Sony's Alpha 7 II camera is a full-frame digital camera with interchangeable lenses. Being a mirrorless camera, the company has made an announcement to improve the device's functionality via updating its firmware.
The Sony Alpha 7 II is a mirrorless camera that features a strong lens system, excellent image quality and very striking price point. To improve the camera's functions, the company will be releasing a firmware update that should make present device owners pleased and future owners fascinated.
The firmware update will be adding sensor-phase autofocus support for camera lenses mounted through an adapter. Also, this update will support not only Sony Alpha SLR lenses but also Minolta's and Canon EF lenses through third party adapters. In addition, a Chinese-made Nikon autofocus adapter was teased by Sony earlier this year but is not available as of the moment.
The advantages of SLR lenses focusing using sensors rather than adapters that have built-in phase detection sensors is that there is no need to make adjustments to focus settings for the lenses to capture images perfectly. With its autofocus system, the lenses will automatically adjust for its users.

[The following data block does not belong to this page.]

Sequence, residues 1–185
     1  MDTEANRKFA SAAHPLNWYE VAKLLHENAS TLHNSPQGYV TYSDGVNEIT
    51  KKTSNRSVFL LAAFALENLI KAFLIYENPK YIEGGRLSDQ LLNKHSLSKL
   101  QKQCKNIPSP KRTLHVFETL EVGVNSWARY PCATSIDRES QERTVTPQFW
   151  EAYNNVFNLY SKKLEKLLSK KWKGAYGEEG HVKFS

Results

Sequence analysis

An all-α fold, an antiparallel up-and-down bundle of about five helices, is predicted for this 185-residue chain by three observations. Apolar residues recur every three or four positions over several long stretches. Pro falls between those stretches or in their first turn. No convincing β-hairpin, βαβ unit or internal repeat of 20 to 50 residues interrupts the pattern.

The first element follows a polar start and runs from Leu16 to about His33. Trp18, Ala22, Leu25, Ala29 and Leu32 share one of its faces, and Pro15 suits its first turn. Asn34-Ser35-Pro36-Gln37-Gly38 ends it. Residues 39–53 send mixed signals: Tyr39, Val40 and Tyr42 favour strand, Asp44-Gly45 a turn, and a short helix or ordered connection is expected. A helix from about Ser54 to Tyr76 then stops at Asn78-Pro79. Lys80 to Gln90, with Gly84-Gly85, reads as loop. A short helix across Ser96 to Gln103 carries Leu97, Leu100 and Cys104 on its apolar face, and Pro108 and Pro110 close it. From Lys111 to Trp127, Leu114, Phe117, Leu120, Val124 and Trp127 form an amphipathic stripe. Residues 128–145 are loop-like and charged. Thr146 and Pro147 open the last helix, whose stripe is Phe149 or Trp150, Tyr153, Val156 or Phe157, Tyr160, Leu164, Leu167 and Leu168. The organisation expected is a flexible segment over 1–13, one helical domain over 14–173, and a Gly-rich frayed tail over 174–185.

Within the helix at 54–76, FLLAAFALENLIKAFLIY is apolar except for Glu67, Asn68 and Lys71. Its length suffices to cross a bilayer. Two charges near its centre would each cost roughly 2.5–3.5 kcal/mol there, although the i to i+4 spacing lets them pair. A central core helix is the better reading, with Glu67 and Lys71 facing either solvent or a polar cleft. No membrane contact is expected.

While there are pros, there are also cons. With the camera using autofocus adapters, the camera tends to "hunt" subjects to lock on. This makes autofocusing extend time, though less than 10 seconds.
For the first time in Sony digital camera history, the Alpha 7 II has adapted lenses support and enthusiasts expect it to get better with the company's future camera lineup. With regard to the firmware update, it now supports uncompressed 14-bit raw images. Previously, the camera was limited at shooting compressed raw format but most photographers probably have not noticed the difference aside from large file formats.
With the latest firmware update on Sony's Alpha 7 II, the halo effects are reduced and less noise during autofocus is produced. The firmware will be publicly released on Nov. 18 and it can be downloaded for free.